At first, the big barn past the granary was a huge mysterious empty red building to a boy of seven, but it eventually became a dreamer’s playground and a giant five-story-high castle where adventure waited just beyond the door of imagination. Mom said the barn was the biggest in the county when Grandpa built it around 1903.
The barn was a three-part structure: the big hay barn, the animal barn, and the sheep shed on the north end. The sheep shed looked like an add-on because it was accessible only through one open end in the barnyard and a small door cut through the wall at the bottom of the hayloft.
In the big hay barn, great hand-hewn beams framed the haylofts. The floor of the barn could accommodate a tractor and wagonload of hay, which would be lifted by a rope with large hooks from a trolley on a track high in the top of the barn. With hardly any imagination at all, that rope also became a jungle vine for “Tarzan” to swing across the beams and drop into the hay.
In the animal barn, a small open doorway led into the cattle section where Grandpa had four stalls for the big workhorses. I could sense the ghosts of cows standing placidly with their necks trapped in the wooden stanchions as I walked along the long rows where the milk cows would have waited for Grandpa to come with his one-legged stool and milk pail.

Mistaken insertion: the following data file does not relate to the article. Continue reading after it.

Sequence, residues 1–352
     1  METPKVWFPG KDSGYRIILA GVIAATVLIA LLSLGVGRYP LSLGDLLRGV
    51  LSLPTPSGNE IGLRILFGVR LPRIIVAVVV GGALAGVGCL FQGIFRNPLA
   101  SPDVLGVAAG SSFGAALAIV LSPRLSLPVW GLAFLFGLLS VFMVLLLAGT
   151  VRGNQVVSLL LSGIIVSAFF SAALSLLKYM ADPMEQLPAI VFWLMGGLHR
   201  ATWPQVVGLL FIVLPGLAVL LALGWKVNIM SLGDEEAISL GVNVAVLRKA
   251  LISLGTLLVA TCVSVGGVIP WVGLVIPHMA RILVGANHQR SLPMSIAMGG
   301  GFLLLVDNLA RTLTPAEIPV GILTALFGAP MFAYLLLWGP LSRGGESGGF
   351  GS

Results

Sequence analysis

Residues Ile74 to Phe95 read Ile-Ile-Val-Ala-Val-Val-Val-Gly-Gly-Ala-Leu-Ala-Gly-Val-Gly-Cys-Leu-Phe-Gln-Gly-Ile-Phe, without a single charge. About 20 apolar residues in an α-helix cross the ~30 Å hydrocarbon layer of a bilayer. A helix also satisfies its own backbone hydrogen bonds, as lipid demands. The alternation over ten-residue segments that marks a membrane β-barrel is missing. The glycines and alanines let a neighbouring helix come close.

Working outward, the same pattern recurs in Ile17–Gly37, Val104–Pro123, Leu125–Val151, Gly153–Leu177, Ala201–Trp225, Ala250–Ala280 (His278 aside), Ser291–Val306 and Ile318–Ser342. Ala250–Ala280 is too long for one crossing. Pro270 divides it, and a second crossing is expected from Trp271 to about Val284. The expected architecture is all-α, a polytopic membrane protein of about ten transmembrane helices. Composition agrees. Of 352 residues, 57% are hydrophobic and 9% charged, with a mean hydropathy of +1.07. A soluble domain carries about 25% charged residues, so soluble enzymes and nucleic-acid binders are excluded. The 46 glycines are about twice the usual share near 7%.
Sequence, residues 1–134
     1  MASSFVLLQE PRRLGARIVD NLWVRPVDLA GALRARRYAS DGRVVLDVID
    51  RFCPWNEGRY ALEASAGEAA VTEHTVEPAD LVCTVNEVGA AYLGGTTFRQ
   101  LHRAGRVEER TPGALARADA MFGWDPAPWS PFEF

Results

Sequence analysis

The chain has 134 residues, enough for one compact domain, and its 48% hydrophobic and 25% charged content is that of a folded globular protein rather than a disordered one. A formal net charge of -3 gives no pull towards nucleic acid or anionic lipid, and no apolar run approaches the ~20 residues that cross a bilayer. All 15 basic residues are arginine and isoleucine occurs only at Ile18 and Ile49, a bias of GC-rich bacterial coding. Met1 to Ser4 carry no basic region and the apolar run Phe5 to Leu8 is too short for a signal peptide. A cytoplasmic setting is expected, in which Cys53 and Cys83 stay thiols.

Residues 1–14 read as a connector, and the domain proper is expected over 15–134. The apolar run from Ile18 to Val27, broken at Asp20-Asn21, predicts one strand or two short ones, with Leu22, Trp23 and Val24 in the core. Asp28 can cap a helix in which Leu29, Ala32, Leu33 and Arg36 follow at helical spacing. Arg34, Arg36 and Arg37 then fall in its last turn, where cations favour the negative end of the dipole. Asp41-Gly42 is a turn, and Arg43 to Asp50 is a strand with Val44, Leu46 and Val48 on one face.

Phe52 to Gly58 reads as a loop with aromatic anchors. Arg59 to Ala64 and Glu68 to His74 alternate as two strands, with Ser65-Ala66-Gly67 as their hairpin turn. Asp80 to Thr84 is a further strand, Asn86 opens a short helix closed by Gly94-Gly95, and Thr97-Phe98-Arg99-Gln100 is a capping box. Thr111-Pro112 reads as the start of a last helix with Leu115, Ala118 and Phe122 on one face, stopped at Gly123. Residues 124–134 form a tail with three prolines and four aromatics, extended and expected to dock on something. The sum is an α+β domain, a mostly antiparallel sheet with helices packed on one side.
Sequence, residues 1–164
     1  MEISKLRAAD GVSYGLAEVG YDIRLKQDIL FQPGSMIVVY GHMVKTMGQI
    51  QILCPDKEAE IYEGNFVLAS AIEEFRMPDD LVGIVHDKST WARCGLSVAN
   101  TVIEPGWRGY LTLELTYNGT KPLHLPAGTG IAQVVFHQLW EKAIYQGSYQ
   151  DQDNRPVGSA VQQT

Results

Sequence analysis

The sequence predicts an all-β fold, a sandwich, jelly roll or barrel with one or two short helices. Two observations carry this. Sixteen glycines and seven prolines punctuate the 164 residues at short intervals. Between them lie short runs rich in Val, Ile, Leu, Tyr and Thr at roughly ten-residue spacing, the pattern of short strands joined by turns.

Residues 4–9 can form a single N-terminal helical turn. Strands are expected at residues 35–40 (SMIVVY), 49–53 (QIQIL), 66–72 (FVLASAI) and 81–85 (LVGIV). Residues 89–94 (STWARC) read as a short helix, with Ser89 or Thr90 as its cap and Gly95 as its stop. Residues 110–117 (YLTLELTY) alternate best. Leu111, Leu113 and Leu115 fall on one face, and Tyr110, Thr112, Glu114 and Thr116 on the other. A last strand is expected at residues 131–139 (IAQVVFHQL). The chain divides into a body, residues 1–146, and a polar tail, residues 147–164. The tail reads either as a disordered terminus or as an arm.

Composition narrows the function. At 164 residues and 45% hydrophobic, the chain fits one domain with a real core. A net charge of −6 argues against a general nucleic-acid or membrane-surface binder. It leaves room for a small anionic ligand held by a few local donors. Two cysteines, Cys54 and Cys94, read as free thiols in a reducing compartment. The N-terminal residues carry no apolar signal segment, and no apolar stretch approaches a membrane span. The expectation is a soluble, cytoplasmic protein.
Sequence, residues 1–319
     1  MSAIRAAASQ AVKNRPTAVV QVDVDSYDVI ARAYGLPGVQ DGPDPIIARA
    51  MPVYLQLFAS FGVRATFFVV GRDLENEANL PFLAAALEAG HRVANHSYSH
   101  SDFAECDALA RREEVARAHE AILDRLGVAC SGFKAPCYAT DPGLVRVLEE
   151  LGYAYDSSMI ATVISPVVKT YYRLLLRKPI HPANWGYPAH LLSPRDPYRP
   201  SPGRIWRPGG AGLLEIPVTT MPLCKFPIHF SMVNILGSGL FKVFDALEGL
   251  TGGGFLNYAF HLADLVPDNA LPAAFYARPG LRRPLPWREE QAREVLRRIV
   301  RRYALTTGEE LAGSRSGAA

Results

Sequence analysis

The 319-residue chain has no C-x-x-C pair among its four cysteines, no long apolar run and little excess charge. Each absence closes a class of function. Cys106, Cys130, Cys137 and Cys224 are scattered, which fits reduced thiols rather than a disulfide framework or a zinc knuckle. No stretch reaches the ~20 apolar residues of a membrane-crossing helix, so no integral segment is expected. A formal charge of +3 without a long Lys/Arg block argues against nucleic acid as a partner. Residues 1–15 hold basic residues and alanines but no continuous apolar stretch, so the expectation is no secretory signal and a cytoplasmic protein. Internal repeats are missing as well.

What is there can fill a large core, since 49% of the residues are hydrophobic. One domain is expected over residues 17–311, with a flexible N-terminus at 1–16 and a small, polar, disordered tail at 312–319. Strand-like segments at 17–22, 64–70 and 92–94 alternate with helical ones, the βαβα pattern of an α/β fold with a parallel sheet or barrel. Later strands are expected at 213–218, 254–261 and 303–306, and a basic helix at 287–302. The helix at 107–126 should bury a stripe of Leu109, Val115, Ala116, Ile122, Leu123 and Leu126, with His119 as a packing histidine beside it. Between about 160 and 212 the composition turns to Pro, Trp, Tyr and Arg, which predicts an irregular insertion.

In the south end of the animal part of the barn there were two box stalls where riding horses had been kept. Huge sliding doors on the east and west walls opened so wagon loads of hay and straw could be brought in to pitch to the lofts above. We got an old truck so Daddy, my sister Jan, and I could hand gather fresh cut hay, and then use pitchforks to toss it up into the loft. I was too small to toss up the hay, but I could help move it back from the edge of the loft.
THE BIG RED BARN
The big red barn was the biggest of all;
It was a wonder-filled castle five stories tall.
There were hidden doors; it was a mysterious place.
A boy could disappear without a trace.
There were three sections for animals, and one just for hay.
There were endless opportunities for a boy to play.
The big red barn was the place for me.
It was a place to set my imagination free.
Did Grandpa have sheep? There was a “sheep shed”.
And plenty of stalls where horses were fed.
There were many stanchions all in a row,
How did the cows know which place to go?
The big barn was painted red I’m told;
The paint was cheap and prevented mold.
The sheep shed was an unpainted grey;
It must have been built a different day.
I swung on the hay rope from side to side;
I hung from the trolly, and went for a ride.
I liked to jump and bounce in the hay.
The barn was a wonderful place to play!